Save the Last Dance for Me, the Red Shoes Show at VCA

Save the Last Dance for Me

Once upon a time “Red Shoes” were linked to status, wealth and power.  The cost of red dyes like cochineal, and madder
, used to die cloth and leather, made them affordable only to the rich. Popes, Emperors and Kings wore red shoes to symbolize a divine right to rule.  By the late 18th century red shoes had become a sign of aspirational fashion for men and for women.

When author Hans Christen Anderson published “The Red Shoes” in 1845 he linked Christian themes of sin, pride, disobedience and redemption to a Danish folk tale and red shoes took on a darker meaning.  His protagonist Karen and by extension women who wore red shoes, became cultural transgressors of the acceptable feminine norm.  Red shoes were recast as symbols of passion, as uncontrollable urges and in Anderson’s version, red shoes possessed a will of their own…to dance. The only way Karen could stop dancing was by having her feet and shoes removed by axe.  

Since Anderson’s characterization, red shoes have become a malleable symbol applied to issues of women’s agency and physical journey, to dance/dancers, role play, gender and the edges of cultural boundaries.  In 1939 red shoes were transformed in a new narrative as “Ruby Slippers” in the film version of L. Frank Balm’s “The Wizard of Oz”.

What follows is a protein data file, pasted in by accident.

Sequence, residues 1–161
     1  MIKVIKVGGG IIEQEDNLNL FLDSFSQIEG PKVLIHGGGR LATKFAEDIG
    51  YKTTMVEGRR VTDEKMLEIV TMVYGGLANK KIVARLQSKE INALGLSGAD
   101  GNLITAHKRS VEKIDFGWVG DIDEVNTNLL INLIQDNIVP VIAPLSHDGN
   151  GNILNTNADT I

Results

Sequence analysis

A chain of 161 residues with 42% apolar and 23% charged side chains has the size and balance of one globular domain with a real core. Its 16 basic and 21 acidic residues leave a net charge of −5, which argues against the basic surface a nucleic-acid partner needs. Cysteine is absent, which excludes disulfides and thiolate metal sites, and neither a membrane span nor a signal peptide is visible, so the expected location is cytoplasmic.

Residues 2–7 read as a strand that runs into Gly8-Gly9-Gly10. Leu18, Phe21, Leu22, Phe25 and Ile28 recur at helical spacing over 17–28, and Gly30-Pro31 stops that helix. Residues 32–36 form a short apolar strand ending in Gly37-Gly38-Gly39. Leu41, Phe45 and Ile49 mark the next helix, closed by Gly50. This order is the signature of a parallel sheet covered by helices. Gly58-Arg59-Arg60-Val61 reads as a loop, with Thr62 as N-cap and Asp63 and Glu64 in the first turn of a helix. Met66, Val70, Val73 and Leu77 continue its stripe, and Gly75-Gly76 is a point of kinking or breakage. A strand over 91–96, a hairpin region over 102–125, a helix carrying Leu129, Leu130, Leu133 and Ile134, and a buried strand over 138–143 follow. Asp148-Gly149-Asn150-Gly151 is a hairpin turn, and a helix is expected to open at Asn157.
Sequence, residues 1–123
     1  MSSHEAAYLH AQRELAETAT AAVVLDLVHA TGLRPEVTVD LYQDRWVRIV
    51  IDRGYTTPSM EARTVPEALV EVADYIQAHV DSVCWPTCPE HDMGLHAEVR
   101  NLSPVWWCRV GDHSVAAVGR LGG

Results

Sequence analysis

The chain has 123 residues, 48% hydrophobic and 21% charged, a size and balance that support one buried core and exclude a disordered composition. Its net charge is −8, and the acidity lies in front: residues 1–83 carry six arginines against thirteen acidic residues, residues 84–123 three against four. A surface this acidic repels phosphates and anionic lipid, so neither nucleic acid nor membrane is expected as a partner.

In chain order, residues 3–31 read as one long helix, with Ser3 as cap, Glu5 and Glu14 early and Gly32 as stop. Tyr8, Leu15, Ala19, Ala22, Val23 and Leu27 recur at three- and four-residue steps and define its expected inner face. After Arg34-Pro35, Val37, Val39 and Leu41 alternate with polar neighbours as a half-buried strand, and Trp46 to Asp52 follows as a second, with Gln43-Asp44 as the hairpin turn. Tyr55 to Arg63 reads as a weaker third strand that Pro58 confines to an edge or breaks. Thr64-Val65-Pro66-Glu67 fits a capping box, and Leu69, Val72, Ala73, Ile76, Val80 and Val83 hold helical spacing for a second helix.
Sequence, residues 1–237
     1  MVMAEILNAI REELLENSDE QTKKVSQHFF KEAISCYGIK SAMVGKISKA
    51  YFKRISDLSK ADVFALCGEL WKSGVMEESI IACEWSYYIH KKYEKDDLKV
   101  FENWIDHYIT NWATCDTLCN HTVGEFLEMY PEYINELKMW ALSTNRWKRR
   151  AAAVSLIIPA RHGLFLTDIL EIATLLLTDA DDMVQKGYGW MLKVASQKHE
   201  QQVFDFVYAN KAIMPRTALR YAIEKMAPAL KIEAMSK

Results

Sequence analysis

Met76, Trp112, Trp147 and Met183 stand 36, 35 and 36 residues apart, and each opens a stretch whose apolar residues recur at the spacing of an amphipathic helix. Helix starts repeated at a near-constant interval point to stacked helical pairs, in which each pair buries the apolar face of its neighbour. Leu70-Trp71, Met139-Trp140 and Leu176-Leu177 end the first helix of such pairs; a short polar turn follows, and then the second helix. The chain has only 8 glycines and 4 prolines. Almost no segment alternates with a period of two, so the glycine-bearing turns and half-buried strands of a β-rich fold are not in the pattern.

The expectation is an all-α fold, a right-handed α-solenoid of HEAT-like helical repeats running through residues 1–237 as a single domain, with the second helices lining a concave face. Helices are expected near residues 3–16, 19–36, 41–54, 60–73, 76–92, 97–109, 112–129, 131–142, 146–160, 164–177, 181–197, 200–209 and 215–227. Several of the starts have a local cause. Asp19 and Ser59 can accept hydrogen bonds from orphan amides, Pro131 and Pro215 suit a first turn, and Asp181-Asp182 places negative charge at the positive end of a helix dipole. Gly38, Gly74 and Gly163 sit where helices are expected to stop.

This Oz story is a classic Hero’s Journey. When Dorothy’s house, by way of Kansas and tornado, lands on and kills the Wicked Witch of the East in a world somewhere over the rainbow, Dorothy claims and wears the ruby slippers worn by the witch.  Like Anderson’s version of “The Red Shoes”,  Dorothy is unable to remove the shoes once she slips them on, but these shoes (she will eventually discover) respect the wishes of their wearer!

Dorothy Gail,  in short order, excepts the call to adventure, makes exceptional friends while sharing a message of love and acceptance and achieves the prescribed goal.  She and the friends who have accompanied her on this journey are empowered by facing personal fears and through reliance upon each other.  They are rewarded with recognition of their innate abilities and the confidence to be themselves.  Dorothy returns “Home” enlightened and self aware.

My print “Save The Last Dance For Me” celebrates true love and being being true to oneself.  It’s one moment in a series of images exploring gender role play and same sex relationship. Leo and Lang are the characters in this personal exploration of two hearts who find each other and themselves.  

The Red Shoe Show, Curated by Kathleen Kinney, opens Friday July 27, 6-9 PM at Vashon Center for the Arts during the Vashon Summer Arts Fest.  Additional evening opening will be August 3 and August 10, 6-9PM.  Gallery hours: Monday-Friday 10-5, Saturday Noon-5  


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